United States investor Stefan Thomas has lost the slip of paper he had scribbled his password on to unlock his 7,002 Bitcoin – now worth an estimated £180million
Stefan Thomas has lost the slip of paper with the information to unlock his 7,002 digital coins, which yesterday were worth a reported £180million.
The tech worker told the New York Times he cannot remember the crucial code to a small hard drive, known as an IronKey, to unlock his account and cash in.
German-born Mr Thomas, who now lives in San Francisco, said if he doesn’t get the password right within the next two tries, he will lose the fortune forever.
The crypto-currency’s value has soared wildly since then.
Mr Thomas’ Bitcoin were this week worth around a reported £25,637.95 each.
The computer programmer said he had written down his password a decade ago – but now he cannot find it.
The IronKey only gives users ten tries at a password to access their digital wallet before it locks an account forever.
“I would just lay in bed and think about it,” Mr. Thomas told the NYT. “Then I would go to the computer with some new strategy, and it wouldn’t work, and I would be desperate again.”
He said he plans to put his IronKey in a secure facility until a better way is found to crack it.
Mr Thomas among many Bitcoin investors who have found themselves ready to cash in but locked out of their accounts.
Many who invested in the cryptocurrency a decade ago when a single coin was worth a matter of hundreds of pounds have found themselves sitting on a fortune.
And Bitcoin’s soaring value has been on yet another an eight-month streak, despite the coronavirus pandemic ravaging the world economy.
The currency plummeted on Monday, along with traditional commodities like gold, due to political uncertainty in the wake of the riots at Capitol Hill.
But the crypocurrency hit a record high last week, prompting a fresh scramble to cash in.
Bitcoin has no central management investors can contact to ask for help.
The virtual currency was created by a mysterious figure using the name Satoshi Nakamoto, who wanted to create a form of currency that could be held in a digital wallet anywhere in the world, unregulated by governments or banks.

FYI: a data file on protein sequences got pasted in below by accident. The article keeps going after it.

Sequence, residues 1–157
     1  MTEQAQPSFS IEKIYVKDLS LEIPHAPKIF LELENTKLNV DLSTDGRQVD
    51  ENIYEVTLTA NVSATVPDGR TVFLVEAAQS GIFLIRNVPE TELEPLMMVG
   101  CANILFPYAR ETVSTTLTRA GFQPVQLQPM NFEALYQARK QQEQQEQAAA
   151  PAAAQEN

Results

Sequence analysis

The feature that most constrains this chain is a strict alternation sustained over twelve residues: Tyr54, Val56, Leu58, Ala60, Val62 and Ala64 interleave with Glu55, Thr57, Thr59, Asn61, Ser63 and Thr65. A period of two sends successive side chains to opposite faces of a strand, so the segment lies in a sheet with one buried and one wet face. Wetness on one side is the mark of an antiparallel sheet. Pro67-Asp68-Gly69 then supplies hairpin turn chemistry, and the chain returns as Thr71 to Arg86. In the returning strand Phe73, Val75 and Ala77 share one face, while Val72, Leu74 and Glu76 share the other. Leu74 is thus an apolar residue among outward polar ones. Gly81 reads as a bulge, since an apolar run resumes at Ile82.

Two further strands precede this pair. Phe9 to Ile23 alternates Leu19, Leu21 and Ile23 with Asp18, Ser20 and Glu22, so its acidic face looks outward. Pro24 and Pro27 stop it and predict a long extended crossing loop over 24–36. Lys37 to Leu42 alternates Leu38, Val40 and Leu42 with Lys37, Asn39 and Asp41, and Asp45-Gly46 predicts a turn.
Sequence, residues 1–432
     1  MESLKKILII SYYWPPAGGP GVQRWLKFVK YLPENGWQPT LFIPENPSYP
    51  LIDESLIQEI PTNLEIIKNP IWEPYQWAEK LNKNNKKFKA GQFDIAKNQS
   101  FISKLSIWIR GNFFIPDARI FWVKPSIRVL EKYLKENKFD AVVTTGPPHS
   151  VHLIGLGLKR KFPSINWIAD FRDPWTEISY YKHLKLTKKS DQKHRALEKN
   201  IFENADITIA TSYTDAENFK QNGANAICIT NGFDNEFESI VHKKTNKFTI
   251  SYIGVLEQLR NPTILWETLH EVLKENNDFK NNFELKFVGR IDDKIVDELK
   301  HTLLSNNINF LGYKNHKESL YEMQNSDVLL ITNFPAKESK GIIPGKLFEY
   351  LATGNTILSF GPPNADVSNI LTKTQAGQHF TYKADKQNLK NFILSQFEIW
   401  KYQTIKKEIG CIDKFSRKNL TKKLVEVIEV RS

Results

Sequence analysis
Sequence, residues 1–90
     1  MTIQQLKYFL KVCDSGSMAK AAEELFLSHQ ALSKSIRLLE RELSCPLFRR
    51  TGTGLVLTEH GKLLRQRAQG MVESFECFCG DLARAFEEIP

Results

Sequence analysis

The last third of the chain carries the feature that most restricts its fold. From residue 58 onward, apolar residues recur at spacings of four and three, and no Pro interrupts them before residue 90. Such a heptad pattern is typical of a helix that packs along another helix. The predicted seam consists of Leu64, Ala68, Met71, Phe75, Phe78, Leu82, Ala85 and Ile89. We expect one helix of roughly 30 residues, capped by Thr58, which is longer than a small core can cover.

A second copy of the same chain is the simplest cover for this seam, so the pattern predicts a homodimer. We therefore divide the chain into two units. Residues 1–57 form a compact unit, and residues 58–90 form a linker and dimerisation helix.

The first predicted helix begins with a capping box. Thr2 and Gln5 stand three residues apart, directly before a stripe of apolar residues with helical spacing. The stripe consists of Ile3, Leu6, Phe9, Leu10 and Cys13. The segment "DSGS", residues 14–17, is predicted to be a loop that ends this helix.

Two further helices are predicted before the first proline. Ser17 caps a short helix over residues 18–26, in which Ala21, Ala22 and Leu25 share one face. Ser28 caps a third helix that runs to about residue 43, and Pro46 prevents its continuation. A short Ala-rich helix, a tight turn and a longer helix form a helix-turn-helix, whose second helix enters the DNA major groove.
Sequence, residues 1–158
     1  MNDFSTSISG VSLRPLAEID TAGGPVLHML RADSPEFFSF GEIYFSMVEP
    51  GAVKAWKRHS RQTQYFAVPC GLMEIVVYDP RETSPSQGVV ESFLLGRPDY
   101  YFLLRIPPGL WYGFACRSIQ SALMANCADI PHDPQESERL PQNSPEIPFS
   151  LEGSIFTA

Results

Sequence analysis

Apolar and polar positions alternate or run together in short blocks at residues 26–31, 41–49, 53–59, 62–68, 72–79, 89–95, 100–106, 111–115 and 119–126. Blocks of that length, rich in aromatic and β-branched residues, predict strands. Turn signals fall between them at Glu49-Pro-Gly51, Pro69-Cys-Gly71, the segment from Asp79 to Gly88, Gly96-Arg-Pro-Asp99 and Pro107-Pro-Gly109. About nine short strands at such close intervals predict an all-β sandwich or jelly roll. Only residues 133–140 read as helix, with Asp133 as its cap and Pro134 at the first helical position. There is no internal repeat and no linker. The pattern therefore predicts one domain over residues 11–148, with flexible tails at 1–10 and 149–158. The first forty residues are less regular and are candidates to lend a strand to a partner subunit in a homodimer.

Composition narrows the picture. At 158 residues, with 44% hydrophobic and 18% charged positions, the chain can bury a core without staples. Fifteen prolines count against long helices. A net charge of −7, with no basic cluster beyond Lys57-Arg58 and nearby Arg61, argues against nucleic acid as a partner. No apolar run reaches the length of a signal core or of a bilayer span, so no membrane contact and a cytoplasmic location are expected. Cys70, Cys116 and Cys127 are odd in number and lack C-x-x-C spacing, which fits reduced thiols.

A limited number of Bitcoin are ‘mined’ by computers around the world, and transactions recorded on a digital ledger, called a blockchain.
Because anyone can create Bitcoin without having to go through any identity checks, the currency became popular with criminals and on the internet black market.
Expert services have since had to be launched to crack locked accounts as many would-be millionaires find they have lost the key to accessing their cryptocurrencies.
Wallet Recovery Services told the NYT it was fielding around 70 requests a day from people who were struggling to access their accounts.
Another Bitcoin investor, entrepreneur Brad Yasar, told the newspaper he still had several desktop computers containing thousands of Bitcoin he had ‘mined’ during the early days of the crytocurrency.
However he lost his passwords years ago, and has subsequently hidden the computer hard drives in vaccumm-sealed bag.
“Through the years I would say I have spent hundreds of hours trying to get back into these wallets,” Mr Yasar said.
While those Bitcoin are now worth hundreds of millions of dollars, he lost his passwords many years ago and has put the hard drives containing them in vacuum-sealed bags, out of sight.
Bitcoin, which was for years viewed as a renegade currency by traditional markets and banks, is now in mainstream demand.
However early investors trying to cash in their fortunes after its astronomic rise have struggled.
In 2013, a Welsh IT worker said he accidentally threw out a hard drive containing the keys to his 7,500 Bitcoin.
At that time James Howells’ Bitcoin were worth around £4million.
Now, they would be worth more than £185m.